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Town Meetings: Providing Input to Committee

On Tuesday, September 30, the Consultative Committee for the Selection of a President held three Town Meetings to solicit input from the faculty, staff and students as the Committee begins the search process.

The Committee members at the meeting for the faculty were: professors Phoebe Leboy and Ann Matter, GAPSA chair Robert Alvarez; and trustee Paul Williams. The dozen or so faculty who attended at lunchtime were told that the process is at its inception, and it is not too late for input; in spite of an unofficial "short list" published in Philadelphia magazine.

Several of the faculty who voiced an opinion focused on the desire for the new president to have an academic orientation and to avoid becoming too corporate. One professor said that while Dr. Rodin has helped Penn "become fabulous and to grow" the University now needs to consolidate and nurture, paying attention to details. Another said that Penn can't stop growing, citing the postal properties which Penn intends to develop. Other concerns involved having an international vision, a commitment to gender equity, as well as a commitment to fostering community within the University and beyond, and a willingness to provide resources to support interschool initiatives, continuing the huge strides that have been made. Another noted that there is nothing inherently bad about a business model, but that Penn should blend that with academia's needs to remain a world-renowned university.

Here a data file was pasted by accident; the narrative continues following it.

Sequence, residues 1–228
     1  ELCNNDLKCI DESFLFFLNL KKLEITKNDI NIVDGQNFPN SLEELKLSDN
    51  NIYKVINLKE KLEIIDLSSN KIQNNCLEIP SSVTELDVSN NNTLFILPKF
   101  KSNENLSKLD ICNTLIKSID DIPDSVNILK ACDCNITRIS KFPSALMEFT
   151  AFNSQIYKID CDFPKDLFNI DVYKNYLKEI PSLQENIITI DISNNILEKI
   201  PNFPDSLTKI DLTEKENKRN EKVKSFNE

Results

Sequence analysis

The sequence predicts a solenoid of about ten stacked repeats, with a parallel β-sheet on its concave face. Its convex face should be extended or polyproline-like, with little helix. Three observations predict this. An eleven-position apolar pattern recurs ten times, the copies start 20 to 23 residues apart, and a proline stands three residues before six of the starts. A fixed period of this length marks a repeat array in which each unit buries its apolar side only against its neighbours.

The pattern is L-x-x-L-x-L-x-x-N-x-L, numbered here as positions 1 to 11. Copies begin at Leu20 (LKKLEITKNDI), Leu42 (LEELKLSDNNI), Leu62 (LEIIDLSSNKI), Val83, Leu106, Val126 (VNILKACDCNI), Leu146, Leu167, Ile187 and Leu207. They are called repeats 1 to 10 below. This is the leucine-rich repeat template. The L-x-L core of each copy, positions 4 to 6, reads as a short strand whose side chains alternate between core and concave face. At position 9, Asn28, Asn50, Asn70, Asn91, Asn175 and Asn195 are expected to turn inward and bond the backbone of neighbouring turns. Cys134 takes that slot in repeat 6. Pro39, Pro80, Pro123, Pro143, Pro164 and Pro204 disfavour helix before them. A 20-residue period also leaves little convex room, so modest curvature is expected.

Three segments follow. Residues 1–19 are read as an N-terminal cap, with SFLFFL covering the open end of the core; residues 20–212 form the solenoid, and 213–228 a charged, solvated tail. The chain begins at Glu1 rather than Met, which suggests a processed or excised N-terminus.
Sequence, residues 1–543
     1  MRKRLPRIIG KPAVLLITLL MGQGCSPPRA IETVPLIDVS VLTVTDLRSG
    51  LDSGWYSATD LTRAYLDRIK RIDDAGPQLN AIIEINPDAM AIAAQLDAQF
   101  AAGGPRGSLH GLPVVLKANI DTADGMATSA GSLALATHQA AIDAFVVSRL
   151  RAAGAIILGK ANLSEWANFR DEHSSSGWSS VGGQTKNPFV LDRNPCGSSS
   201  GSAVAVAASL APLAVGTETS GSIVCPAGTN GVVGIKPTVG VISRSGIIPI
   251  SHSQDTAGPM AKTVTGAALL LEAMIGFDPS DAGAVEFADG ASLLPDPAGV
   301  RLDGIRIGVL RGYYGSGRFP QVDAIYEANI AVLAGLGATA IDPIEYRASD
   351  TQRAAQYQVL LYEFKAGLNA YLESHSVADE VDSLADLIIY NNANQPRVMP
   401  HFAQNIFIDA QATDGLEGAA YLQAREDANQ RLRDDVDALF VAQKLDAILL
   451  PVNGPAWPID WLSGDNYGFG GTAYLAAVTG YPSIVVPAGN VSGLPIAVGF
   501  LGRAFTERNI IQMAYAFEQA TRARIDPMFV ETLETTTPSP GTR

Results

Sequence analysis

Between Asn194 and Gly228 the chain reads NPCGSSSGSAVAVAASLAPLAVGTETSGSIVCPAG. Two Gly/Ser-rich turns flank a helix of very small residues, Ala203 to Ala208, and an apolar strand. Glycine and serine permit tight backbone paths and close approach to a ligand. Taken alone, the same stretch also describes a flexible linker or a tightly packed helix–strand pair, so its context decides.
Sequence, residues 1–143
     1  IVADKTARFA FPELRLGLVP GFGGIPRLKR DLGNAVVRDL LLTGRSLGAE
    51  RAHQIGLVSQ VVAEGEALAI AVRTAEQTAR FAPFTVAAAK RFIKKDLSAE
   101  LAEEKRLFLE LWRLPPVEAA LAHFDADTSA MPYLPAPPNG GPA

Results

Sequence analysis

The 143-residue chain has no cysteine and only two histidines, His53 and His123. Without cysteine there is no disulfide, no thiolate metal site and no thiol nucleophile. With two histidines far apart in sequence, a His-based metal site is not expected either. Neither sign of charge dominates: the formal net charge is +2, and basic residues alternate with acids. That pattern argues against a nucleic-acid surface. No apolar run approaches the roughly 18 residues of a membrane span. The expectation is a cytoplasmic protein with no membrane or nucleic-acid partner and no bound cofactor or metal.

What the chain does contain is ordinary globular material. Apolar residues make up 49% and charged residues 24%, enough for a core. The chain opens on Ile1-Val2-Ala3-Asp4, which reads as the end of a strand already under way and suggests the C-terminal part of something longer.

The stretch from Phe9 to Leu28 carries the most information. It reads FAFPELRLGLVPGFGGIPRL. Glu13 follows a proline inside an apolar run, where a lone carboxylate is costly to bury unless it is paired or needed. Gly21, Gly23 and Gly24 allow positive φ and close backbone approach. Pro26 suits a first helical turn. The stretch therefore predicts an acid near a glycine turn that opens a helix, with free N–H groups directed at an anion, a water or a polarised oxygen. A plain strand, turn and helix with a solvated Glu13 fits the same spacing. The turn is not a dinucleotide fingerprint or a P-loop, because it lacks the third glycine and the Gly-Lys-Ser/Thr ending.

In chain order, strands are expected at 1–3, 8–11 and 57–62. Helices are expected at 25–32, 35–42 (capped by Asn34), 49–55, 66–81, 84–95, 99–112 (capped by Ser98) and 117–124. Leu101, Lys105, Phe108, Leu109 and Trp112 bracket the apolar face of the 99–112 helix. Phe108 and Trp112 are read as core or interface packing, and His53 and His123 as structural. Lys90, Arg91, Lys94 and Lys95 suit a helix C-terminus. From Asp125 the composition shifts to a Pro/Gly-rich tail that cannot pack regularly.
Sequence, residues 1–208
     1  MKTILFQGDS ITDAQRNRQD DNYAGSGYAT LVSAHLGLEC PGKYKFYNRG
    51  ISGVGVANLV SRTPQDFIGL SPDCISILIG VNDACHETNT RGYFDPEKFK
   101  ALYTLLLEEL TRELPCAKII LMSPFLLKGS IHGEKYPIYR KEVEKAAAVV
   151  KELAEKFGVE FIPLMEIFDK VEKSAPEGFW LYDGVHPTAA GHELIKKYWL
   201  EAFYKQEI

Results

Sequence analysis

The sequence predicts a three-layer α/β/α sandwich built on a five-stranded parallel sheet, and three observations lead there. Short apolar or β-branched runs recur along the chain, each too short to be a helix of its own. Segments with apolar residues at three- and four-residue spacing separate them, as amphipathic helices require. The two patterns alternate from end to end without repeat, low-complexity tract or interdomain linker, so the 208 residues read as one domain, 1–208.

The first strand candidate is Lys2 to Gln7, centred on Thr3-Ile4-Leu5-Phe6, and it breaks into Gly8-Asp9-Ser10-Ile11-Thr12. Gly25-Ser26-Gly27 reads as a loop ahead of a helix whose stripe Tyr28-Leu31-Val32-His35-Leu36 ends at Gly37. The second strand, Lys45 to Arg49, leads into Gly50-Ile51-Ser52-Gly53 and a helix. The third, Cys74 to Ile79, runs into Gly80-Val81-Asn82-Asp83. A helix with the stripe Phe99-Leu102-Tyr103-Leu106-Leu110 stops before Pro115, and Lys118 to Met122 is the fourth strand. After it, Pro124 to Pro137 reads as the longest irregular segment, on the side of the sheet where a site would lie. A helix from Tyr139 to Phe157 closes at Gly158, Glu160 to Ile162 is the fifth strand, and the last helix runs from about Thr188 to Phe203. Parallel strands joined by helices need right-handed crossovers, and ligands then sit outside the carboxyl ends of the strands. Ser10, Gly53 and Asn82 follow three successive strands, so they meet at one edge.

At the late afternoon meeting for administrators and staff, there were five panelists: Rob Alvarez; Paul Williams; professors Ann Matter and Mitchell Marcus, and trustee Egbert Perry. There were about 50 staff present, many of whom asked why there is not a single staff member represented on the Committee. One suggested that the Trustees should modify the statutes to include staff in light of the changing role of staff over the past 10-15 years. PPSA and WPSA chairs said they will be conducting a survey via e-mail and will share the results with the Committee. Others spoke about the importance of a president who can help move the City into the 21st century; the need to balance corporate structure and educational goals, accessibility to all constituents, a commitment to shared governance, and a vision that includes the new frontiers of the Internet as Penn reaches around the world.

About 30 students attended the meeting designated for them and there were seven panelists: trustees James Riepe, Michael Tarnopol and David Silfen; professors Charles Mooney and Howard Kunreuther, and two students Dierdra Reber and Ophelia Roman. Some of the issues raised by graduate students included ability and willingness to negotiate with collective bargaining units such as GET-UP; the multiple roles of the president as a CEO and as an academic leader; the lack of staff on the Committee, and the increased reliance on post-docs in teaching. Undergrads voiced concerns about diversity and support for minority resources; continued commitment to community; and more equitable funding for facilities.

 

 


  Almanac, Vol. 50, No. 7, October 7, 2003

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